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Taiyaki tea house - chinatown

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  • HLing Apr 6, 2013 07:40 PM
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I didn't quite get the address, but it's on Catherine street just off of bowery (going toward the river it's on your left, 2nd store front, yellow awning with chinese writing: 一口茶)

They have just opened, offering Taiyaki - the Japanese fish-shaped pancake filled with red bean paste. So far only red beans, and a savory ham and cheese, both were nice. The owner said more to come after they officially open. Fillings like chestnuts, custard, and green tea (in the batter).

I often crave obanyaki and taiyaki but seldom have time to go to Mitsuwa these days. This was a nice place to have here.

The tea house part so far is bubble tea.

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  1. Very few things in life match the wonders of fresh, hot obanyaki from the griddle/waffle pan.

    5 Replies
    1. re: ipsedixit

      HLing - thanks for this, i love taiyaki. I always call them imagawayaki b/c thats what i called them when i was a kid, but everyone seems to call them taiyaki now

      ipsedixit - you should go get the ones at mitsuru cafe in little tokyo in downtown LA, they're actually much better than most that i've had in asia including tokyo and taipei where they are very readily available

      1. re: Lau

        Taiyaki are specifically shaped like little fish ("tai" means "sea bream"). Imagawayaki are usually round.

        1. re: Silverjay

          ahh yah then that would make sense, i always ate the round ones when i was a kid

        2. re: Lau

          I actually go there quite often. It's either there for obanyaki or Fugetsu-Do for mochi.

          1. re: ipsedixit

            ahh for manju/mochi Sakura-Ya in Gardena is my all time favorite even better than the real good ones i got in japan (which were great)

            been going to all these places since i was born basically

      2. Thanks for bringing this place to our attention

        1. Thanks for this. The only stateside taiyaki I can get regularly is the Korean version at the Flushing/Union Street H-Mart. Mitsua too but that's too much of a haul.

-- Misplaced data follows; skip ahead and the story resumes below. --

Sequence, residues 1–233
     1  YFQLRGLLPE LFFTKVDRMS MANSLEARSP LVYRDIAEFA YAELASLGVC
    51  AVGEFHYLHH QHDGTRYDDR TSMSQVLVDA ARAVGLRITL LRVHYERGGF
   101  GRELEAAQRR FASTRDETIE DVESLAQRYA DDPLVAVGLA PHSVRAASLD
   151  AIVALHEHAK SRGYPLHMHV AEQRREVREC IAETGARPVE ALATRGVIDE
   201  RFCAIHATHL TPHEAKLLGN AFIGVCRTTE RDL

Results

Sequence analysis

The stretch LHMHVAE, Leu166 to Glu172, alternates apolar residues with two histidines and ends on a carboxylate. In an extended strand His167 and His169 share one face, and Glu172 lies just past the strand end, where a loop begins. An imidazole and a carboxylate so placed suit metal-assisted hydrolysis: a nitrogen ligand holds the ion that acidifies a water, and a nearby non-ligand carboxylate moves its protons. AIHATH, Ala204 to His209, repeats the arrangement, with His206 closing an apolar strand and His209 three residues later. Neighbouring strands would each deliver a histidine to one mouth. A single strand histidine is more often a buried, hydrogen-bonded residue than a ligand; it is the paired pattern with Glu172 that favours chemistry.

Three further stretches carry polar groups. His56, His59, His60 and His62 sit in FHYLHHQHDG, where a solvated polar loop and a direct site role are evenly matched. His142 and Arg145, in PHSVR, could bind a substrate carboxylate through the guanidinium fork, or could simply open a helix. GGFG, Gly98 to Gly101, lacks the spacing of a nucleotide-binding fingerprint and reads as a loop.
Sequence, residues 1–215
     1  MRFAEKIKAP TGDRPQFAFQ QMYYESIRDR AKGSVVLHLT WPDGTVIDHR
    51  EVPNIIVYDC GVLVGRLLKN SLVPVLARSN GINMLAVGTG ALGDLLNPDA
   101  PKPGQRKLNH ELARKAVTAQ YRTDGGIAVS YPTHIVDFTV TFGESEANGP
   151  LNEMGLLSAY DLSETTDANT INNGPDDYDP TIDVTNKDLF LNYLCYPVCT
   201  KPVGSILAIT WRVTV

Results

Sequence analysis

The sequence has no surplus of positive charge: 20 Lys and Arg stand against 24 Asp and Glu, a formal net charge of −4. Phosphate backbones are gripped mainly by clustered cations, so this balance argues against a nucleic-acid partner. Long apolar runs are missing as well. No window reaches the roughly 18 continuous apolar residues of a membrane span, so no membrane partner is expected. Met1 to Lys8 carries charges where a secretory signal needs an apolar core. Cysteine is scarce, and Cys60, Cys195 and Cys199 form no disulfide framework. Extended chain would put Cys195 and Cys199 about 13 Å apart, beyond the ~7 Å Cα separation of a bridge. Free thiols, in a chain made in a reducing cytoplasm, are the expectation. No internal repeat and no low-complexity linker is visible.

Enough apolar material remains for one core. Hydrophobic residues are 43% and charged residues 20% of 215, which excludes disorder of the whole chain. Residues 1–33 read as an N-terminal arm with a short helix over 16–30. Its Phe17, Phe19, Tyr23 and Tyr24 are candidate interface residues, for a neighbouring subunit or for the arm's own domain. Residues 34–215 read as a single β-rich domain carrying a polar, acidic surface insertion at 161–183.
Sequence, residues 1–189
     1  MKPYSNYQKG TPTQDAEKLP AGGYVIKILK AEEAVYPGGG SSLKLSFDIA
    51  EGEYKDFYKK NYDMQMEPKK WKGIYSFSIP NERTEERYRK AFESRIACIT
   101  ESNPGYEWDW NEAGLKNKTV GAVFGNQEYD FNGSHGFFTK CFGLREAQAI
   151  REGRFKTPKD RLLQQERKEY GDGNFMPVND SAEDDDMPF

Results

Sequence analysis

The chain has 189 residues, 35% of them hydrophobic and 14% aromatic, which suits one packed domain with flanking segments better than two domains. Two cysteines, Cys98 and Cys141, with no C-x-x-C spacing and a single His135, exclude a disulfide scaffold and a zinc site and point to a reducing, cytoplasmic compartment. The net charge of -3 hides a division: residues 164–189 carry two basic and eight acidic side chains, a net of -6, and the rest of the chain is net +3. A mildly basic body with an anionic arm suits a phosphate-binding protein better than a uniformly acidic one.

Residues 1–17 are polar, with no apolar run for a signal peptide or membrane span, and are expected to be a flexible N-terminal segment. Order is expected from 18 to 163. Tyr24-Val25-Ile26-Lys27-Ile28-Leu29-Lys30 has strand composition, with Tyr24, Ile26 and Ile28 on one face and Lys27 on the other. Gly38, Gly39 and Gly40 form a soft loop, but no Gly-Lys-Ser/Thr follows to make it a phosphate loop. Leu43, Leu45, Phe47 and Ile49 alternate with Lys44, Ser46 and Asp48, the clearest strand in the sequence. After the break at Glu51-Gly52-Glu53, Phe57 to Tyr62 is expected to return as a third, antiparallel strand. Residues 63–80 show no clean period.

Look forward to trying this place.
          P

          1. Here's a picture from the other day.

            The obanyaki in Mitsuwa sometimes get too doughy, though I do love the abundance of the red beans.

            Here it's just Taiyaki, which appeals to the kid in me who wants to eat a whole fish from head to tail.

             
            5 Replies
            1. re: HLing

              they freshly make them to order right?

              1. re: Lau

                the ones i got were still warm.

                1. re: HLing

                  oh so they're pre-made?

                  1. re: Lau

                    I didn't sit and wait for them to be made, if that's what you mean. But, if you walk in, and there were none ready, then they'd make it on the spot.

                    Keep in mind, they've not officially opened yet.

                    1. re: HLing

                      ahh ok cool thanks

            2. Does anyone know if there is a significant difference between the Japanese and Korean varieties? I get the Korean version all the time down here in Baltimore and wondering if it's worth going out of my way to sample these next time we hit Manhattan.

              1 Reply
              1. re: bmorecupcake

                they're the same...i think everyone got these from japan and i think they're pretty universal for the asian palate, so you find them fairly easily all over east asia (japan, korea, HK, taiwan etc)

              2. Sometimes I've found the batter to be a bit salty...is that on purpose, or was the chef/a taste bud having an off day?

                Rather, I'm fine with that to complement the anko, but a ham and cheese sandwich, maybe not.

                1. I tried it today and unfortunately found them inedible. I never thought the ones in Mitsuwa were that great but these were shameful. Tasted frozen and reheated, worst red bean paste I've tasted in a long while. If you must try it yourself it's the place that says Crystal Confectionary on the awning.

                  2 Replies
                  1. re: Peter Cuce

                    ack that doesnt sound good

                    1. re: Peter Cuce

                      bummer. I'm guessing they're not using the pre grand-opening period to try things out, get feedback, so that they can achieve a good product, instead they are being frugal, unaware of the negative consequences - which is losing customers before they even start.